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The Podell Medical Practice - Providing Personalized Integrative Medical Care

Chronic Fatigue Syndrome (CFS) and How to Treat It

CONTENTS:

  1. Should We Treat Epstein-Barr Virus (EBV) or HHV-6 with Valcyte, Valtrex or Famvir?
  2. Potential Paths Toward Treatment
  3. Treating CFS by Strengthening the Immune System
  4. Treating CFS by Reducing Inflammation
  5. Treating CFS by Improving Mitochondria and Energy Metabolism
  6. Other Potential CFS Treatments
  7. Helpful Websites

Should We Treat Epstein-Barr Virus (EBV) or HHV-6 with Valcyte, Valtrex or Famvir?

The best Chronic Fatigue Syndrome treatment options are available with Dr. Podell

Image: brozova/123RF Stock Photo

Most Chronic Fatigue Syndrome doctors believe that many (but not all) CFS/ME cases are due to the reactivation of Herpes Class viruses such as Epstein-Barr Virus, Human Herpes Virus-6 (HHV-6), Cytomegalovirus (CMV) and/or Herpes Simplex Virus. These viruses lie dormant in our body. Later they can flare up, causing severe illness. This may be similar to where Chicken Pox reactivates to cause Shingles. Enteroviruses, Mycobacteria, Lyme-like bacteria, Parvovirus and autoimmune disorders have also been proposed as potential causes.

Many but not all chronic fatigue physicians offer selected patients Valcyte (valganciclovir), Valtrex, or Famvir — anti-virus medicines against Herpes class viruses. Jose Montoya, M.D., professor of infectious disease at Stanford Medical School, favors treating with Valcyte for CFS patients who have very high antibody levels against both Epstein-Barr and HHV-6 viruses. Dr. Montoya, Dr. Andreas Kogelnik and others from Stanford published a small but well designed double blind study testing Valcyte against a placebo for a six month course of treatment.

Epstein-Barr symptoms and treatments

Image: Epstein Barr virus
on Wikipedia

Their results were encouraging but not conclusive. Ideally, we would expand and repeat Dr. Montoya’s study. Unfortunately, Dr. Montoya could not obtain funding to do another double blind trial. Sadly, lack of research funding for CFS/ME has long been a fact of life. However, I am optimistic because Dr. Montoya at Stanford and Dr. Kogelnik in Mountain View, California both continue to treat selected CFS/ME patients with Valcyte. Based on my personal conversations with them, both believe that Valcyte has helped a substantial sub-group of their patients.

Potential Paths Toward Treatment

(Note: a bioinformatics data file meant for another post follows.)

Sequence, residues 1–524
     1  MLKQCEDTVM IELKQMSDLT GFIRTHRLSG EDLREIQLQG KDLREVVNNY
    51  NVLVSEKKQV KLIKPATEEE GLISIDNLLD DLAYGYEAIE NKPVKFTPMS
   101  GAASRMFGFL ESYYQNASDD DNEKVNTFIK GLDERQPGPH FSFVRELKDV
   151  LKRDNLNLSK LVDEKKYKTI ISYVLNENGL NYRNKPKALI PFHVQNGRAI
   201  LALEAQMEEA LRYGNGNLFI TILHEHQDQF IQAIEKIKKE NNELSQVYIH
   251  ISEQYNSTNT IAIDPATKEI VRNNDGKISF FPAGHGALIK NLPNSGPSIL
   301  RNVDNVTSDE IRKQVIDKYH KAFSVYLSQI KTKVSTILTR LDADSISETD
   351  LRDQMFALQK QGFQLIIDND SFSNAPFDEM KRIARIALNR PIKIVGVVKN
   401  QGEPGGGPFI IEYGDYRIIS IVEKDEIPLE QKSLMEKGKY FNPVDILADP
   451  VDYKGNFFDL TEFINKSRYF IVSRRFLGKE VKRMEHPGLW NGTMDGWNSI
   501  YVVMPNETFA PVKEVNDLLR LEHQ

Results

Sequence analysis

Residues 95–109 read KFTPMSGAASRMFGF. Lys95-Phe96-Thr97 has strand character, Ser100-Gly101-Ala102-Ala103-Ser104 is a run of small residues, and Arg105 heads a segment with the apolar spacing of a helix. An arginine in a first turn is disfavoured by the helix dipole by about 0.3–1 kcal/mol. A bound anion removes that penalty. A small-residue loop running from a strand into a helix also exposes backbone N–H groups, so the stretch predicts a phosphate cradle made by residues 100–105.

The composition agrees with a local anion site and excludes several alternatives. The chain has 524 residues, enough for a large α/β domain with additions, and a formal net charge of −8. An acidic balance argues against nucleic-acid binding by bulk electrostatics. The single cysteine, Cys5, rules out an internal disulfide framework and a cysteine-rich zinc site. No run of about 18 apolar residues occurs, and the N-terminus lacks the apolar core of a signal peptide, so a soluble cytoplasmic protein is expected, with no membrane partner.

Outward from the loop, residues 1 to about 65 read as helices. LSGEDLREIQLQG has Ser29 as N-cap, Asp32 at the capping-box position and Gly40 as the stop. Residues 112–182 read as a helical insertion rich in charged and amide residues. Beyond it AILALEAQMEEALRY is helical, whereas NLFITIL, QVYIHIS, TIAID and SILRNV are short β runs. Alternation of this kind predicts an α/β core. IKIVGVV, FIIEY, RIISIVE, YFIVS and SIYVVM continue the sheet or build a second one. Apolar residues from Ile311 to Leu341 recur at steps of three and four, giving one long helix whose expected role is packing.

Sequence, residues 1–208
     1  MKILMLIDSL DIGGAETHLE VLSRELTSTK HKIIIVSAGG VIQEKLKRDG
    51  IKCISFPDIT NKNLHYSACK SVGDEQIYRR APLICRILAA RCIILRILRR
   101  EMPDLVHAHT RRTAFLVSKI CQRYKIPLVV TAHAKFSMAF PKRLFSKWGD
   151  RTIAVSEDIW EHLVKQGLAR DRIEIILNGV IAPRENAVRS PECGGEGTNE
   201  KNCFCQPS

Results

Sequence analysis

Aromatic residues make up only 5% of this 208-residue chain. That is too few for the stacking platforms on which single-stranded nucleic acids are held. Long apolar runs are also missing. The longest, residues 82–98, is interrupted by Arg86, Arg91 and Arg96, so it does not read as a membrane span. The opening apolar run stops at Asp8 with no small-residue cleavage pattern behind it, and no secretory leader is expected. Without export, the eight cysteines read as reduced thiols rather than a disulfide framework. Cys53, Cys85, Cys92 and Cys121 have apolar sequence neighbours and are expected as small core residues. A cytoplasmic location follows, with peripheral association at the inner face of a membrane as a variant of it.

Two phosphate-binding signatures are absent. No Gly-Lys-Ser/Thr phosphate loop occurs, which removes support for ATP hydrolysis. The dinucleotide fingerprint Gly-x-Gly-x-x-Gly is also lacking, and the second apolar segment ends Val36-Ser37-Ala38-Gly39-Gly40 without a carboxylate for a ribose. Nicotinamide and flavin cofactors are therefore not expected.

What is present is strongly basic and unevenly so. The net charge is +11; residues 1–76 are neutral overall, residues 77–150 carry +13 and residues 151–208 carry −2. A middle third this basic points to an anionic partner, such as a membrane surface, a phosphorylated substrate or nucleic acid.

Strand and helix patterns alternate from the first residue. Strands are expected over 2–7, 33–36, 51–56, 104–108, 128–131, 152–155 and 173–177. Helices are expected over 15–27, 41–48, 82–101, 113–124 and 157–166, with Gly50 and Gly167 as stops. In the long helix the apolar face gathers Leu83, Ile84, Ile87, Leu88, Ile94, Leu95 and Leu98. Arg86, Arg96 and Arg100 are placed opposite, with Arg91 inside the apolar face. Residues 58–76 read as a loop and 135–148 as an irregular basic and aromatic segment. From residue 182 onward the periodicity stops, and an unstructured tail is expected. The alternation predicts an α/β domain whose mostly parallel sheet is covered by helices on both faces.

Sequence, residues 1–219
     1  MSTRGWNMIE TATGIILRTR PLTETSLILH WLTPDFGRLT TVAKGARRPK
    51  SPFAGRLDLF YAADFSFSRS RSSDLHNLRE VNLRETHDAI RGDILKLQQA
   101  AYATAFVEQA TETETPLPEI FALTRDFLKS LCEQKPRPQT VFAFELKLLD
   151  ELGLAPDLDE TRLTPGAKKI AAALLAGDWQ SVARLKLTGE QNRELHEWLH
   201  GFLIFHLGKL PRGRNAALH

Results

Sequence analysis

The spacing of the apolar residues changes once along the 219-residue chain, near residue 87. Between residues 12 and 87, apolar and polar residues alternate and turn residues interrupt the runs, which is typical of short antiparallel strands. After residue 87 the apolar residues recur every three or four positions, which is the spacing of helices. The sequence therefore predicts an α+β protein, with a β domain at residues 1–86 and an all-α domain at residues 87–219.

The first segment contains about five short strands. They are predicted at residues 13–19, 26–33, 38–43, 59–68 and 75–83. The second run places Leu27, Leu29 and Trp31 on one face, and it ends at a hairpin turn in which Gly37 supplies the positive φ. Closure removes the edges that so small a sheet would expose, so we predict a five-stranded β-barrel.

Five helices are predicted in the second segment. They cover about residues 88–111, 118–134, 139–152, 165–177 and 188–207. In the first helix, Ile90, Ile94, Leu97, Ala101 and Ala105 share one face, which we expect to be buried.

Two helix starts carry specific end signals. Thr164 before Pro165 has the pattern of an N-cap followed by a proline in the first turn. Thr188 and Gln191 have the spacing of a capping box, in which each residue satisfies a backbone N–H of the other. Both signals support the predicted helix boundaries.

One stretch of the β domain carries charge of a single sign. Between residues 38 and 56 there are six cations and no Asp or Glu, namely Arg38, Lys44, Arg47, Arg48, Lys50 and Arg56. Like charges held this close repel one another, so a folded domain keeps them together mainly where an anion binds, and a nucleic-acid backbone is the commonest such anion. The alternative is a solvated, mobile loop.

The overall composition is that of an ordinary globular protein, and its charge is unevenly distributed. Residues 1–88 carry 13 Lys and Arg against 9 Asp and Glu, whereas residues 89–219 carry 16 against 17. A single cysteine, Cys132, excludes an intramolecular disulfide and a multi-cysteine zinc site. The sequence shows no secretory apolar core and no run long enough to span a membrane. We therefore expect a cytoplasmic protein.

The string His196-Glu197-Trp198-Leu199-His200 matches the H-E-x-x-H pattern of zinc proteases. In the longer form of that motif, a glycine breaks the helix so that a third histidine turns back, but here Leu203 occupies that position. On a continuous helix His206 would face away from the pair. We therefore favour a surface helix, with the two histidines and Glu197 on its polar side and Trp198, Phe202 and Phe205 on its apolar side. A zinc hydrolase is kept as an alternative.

There are no Food and Drug Administration Approved CFS treatments. But there are promising paths we are eager to follow:

POTENTIAL APPROACHES TO TREATMENTEXAMPLES OF POTENTIALLY USEFUL TREATMENTS
Anti-viral Medicines Valtrex, Famvir, Valcyte
Strengthening Immune SupportAHCC (Shitake Mushroom), Reishi Mushroom, Specific Probiotics, Immunovir, repair nutritional deficiencies e.g. zinc
Reducing Immune System Inflammation: Medicines Low Dose Naltrexone, Minocycline, Doxycycline, Rituximab, perhaps Colchicine, pentoxyfilline
Reducing Immune System Inflammation: Natural ProductsCurcumin, Pycgnogenol, Panax Ginsent, Green Tea, Ginger, bifidobacteria infantis 35624, French Oak Wood Extract (Ribovit)
Improve Mitochondrial Energy Metabolism Nicotinamide Riboside, Pycgnogenol, Creatine, Carnitine, Coenzyme Q, Lipoid Acid, Magnesium, Kaprex
Stimulant MedicinesRitalin (methylphenidate), Provigil/Nuvigil
Treat orthostatic low blood pressure and/or POTSHydration, exercise reconditioning, licorice root, potassium, Beta blockers, Ritalin, Proamatine, Mestinon (pyridostigmine)
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In the Montoya study Valcyte treated patients did NOT have major side effects. In contrast, when used for its FDA approved indication—CMV virus infections among patients with AIDS or after organ transplants—Valcyte did cause major side effects. Also, when tested in animals Valcyte increases the risk of cancer. Valcyte is also very expensive. Insurance coverage is rarely obtained unless the patient also has high antibodies against cytomegalovirus (CMV). Even then insurance coverage is difficult.

In contrast, Valtrex and Famvir are relatively safe and relatively inexpensive anti-virals. Both are approved by the FDA to treat herpes simplex virus (e.g. cold sores, genital herpes) and also shingles. In our New Jersey office we first consider Valtrex or Famvir. I do use Valcyte, but only in very special cases. None of these anti-viral drugs are FDA approved to treat CFS.

From a different perspective, John Chia, M.D. recommends focusing on a different set of viruses, called enteroviruses. He advocates for the use of a natural anti-viral product called Equilibrant.

Have more questions about Epstein-Barr treatments? Contact Dr. Podell today!

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Treating CFS by Strengthening the Immune System

One treatment for Chronic Fatigue Syndrome is to reduce inflammation

Image: Lingzhi mushroom on Wikipedia